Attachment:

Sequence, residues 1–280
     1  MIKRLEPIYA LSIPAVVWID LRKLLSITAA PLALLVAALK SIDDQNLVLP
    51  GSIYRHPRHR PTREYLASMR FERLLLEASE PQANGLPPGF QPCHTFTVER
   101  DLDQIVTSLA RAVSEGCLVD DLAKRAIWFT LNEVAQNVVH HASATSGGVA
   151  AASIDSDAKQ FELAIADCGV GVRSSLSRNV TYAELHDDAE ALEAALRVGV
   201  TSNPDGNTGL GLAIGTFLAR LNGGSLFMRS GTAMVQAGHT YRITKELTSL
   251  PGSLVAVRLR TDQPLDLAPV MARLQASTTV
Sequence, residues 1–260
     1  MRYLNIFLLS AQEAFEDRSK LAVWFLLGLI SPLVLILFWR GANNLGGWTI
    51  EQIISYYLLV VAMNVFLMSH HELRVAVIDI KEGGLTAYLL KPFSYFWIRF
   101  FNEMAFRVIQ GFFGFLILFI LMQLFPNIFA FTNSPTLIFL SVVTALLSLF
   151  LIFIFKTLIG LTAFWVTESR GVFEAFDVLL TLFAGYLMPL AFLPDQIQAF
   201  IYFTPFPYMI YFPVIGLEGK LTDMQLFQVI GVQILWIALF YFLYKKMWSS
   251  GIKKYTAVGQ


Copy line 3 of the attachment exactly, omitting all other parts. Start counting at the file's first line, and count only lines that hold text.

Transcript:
    51  GSIYRHPRHR PTREYLASMR FERLLLEASE PQANGLPPGF QPCHTFTVER